Status and population changes of farmland birds in southern Sweden
Keywords:population studies, monitoring, survey, agriculture, habitat degradation, habitat selection, threats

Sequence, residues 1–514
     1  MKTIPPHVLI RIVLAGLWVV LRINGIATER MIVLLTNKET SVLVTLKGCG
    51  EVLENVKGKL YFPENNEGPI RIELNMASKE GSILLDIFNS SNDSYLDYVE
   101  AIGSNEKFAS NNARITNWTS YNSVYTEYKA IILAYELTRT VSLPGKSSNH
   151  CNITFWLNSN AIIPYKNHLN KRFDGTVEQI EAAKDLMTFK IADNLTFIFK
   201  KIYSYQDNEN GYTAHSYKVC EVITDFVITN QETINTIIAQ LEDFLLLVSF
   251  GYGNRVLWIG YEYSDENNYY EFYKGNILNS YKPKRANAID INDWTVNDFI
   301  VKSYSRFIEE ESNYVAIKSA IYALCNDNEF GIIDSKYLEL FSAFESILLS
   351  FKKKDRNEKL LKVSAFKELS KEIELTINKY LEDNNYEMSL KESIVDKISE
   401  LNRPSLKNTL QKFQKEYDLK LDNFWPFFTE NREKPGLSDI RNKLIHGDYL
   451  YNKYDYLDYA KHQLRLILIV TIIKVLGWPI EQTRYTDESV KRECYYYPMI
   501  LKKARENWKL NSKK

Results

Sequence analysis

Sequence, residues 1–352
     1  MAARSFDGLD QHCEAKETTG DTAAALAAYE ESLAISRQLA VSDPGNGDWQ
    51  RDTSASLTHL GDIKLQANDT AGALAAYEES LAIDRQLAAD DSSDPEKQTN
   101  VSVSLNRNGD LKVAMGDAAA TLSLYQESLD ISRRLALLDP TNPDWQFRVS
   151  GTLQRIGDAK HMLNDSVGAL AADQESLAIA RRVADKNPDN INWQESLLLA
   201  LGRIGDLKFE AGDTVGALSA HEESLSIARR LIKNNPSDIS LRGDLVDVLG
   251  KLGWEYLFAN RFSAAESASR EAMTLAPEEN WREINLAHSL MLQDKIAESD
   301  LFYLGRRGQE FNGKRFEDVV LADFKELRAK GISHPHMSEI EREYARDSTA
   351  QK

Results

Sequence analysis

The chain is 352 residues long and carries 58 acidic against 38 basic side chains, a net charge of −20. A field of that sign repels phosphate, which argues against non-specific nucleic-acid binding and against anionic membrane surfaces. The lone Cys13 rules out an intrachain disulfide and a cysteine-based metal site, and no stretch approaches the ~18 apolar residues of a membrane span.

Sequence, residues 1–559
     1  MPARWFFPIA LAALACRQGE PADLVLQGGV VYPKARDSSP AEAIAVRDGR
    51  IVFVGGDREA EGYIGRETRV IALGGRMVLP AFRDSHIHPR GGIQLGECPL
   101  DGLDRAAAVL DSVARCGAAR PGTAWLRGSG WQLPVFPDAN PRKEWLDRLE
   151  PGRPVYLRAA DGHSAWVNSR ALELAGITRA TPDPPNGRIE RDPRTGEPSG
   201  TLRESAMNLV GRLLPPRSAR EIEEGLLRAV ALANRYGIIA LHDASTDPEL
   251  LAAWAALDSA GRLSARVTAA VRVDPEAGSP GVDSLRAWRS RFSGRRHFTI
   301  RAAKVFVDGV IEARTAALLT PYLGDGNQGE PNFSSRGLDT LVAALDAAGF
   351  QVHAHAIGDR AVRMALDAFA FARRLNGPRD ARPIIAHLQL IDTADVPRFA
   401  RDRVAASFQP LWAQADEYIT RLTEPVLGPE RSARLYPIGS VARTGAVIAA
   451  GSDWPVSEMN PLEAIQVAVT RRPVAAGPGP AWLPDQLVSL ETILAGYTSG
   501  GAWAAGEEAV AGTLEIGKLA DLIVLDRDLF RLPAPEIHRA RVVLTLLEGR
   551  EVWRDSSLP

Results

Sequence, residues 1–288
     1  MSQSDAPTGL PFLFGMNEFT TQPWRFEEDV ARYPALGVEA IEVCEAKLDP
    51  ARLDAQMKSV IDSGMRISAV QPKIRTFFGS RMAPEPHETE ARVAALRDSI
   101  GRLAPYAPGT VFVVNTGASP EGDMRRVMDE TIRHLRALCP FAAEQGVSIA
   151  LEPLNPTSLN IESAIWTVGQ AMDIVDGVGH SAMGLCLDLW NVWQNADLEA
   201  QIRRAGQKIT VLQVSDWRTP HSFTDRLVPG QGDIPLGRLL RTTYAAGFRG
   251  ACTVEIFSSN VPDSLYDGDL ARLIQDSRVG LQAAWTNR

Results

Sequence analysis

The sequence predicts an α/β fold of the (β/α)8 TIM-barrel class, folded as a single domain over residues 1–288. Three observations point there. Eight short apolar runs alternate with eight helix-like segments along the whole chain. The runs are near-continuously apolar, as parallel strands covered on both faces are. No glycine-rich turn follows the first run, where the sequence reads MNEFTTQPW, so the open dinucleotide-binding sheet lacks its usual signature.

Since 1950 there have been considerable changes in the use of Swedish farmland which have led to a more large-scale, homogeneous and intensively managed agricultural landscape. These changes in Swedish farmland have affected the populations of many farmland birds. We give the densities of 29 selected farmland birds and 15 selected species of forest birds at eight large study sites (farmland landscapes of 14.5–21.5 km2 size; total of 140 km2) in southern Sweden and review the population changes of 48 species of farmland birds in southern Sweden. The number of breeding farmland bird species at the different sites was positively correlated with total farmland area, area of scrub and trivial deciduous forest, as well as with the fragmentation of the forest landscape; there were more farmland species in fine-grained than in coarse-grained landscapes. Species found in forest edges and dry pastures were the most widespread ones (found at most sites), and included several species with high densities. Most of these species have not decreased as dramatically as other species. Several species of arable land were also widespread, but most of them have declined in numbers since 1950, possibly as a consequence of changes in farming practices. Meadow is the farmland habitat that has declined most, and this is reflected in the low densities and scattered distribution of many species found on cut or grazed meadows. Several of these species are now largely confined to marginal habitats and areas where farmland still has a traditional structure. However, on abandoned meadows overgrown with bushes and trees a few successful colonists are increasing in numbers. Of the 48 farmland birds breeding in Sweden the populations of only 10 have remained relatively stable since 1950; seventeen have increased (8 markedly) while 21 have decreased (12 markedly). Of the 21 species that primarily breed on farmland, 9 (43%) have declined markedly compared with only 3 (11%) of the 27 secondary farmland birds, which have a large proportion of the population in other habitats. Similarly, only 5% of the primary species have increased markedly compared with 26% of the secondary species. More primary than secondary farmland species are also extinct, or categorized as endangered, vulnerable or requiring consideration on Swedish Red Data lists. Large parts of the Swedish farmland are now being taken out of production, which probably will have negative effects on several farmland bird populations.
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